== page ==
8. Deb Fallon

    I have 2 children who have successfully completed college and graduate school. Now their struggling to pay back Student Loans. Entry level professional positions do not cover the costs of living expenses and Student Loans. How low will our citizens survive on BB&J or Ramin Noodles?
    If we as a nation need an educated working class then we ( government) needs to help to achieve this goal. If this additional time spent in higher education servers no purpose then perhaps the movie “Planet of the Apes” ( the original) had a better perspective on American life than we’d like to accept!

  9. Chrissy

    Having a degree does not guarantee or secure a job of any kind. I obviously do not have a degree and to be honest, I’m glad I don’t either. I am skilled I have my CNA, BLS and medical terminology. I’ve worked with physicians to help patients. I’ve been a CNA for 8 years and at one point I was making 15 an hr. A family member of mine who has her Bachelors in social behavior and worked as a social worker for 10 years can’t find a job.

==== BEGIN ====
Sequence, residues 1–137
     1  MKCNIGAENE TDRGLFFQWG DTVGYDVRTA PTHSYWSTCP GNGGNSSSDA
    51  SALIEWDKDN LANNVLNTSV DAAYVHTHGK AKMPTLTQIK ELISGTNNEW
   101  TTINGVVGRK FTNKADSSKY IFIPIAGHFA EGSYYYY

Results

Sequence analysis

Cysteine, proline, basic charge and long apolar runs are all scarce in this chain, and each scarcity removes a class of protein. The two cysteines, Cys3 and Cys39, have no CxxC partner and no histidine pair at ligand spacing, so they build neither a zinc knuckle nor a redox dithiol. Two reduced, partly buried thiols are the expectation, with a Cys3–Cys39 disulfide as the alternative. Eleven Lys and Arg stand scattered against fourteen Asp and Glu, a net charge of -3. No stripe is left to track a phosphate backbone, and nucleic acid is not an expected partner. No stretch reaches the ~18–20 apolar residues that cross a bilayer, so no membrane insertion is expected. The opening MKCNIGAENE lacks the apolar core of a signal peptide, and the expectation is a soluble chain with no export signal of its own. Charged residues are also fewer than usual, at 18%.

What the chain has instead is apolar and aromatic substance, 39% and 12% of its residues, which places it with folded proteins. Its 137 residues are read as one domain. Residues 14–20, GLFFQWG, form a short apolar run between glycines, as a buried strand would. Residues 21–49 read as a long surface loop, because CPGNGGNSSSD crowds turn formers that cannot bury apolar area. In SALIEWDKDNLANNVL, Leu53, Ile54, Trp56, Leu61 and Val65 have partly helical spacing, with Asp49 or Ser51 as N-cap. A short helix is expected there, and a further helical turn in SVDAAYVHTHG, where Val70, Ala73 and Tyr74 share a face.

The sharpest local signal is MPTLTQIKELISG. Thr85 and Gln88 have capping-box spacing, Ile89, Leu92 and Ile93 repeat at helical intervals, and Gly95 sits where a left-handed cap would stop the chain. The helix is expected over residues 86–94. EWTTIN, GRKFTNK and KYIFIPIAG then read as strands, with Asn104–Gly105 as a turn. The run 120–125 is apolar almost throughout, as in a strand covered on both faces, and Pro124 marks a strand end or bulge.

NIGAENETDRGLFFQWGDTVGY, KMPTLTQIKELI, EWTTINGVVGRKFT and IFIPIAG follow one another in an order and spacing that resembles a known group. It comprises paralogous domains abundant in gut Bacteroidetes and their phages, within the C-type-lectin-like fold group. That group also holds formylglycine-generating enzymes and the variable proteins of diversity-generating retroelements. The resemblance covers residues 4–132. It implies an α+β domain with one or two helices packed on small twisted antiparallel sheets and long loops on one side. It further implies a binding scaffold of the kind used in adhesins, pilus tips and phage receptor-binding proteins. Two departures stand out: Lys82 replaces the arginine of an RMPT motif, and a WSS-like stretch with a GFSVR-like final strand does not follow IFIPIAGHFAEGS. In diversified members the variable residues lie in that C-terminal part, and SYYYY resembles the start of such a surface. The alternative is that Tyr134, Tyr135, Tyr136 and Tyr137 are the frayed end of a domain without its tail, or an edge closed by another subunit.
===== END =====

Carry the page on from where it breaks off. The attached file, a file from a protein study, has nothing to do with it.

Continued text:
Education does not guarantee a job and people need to know that. These days it’s all about who you know and what they think you can do. I was offered a job at as a security guard although I have never done this before nor do I have any knowledge of what a security guard does… I was offered this job.

    Education and medical is FAR TOO EXPENSIVE! We are living in a culture in decline and these upper high class individuals could really care less. This is a sad nation we live in.

  10. Janey Haynes

    Nowadays a college degree is needed to get a job with upward mobility, but at what cost? As a teacher in an urban high school, I’m told to get every student ready for college. I can do my part, but unless there is money available, most of my students will not make it. Even community colleges have had to raise tuition, making it even tougher for my kids to get a higher education to take them places. Something needs to be done, and soon, or we’re going to fall even further behind on the global job market!


Reader Comments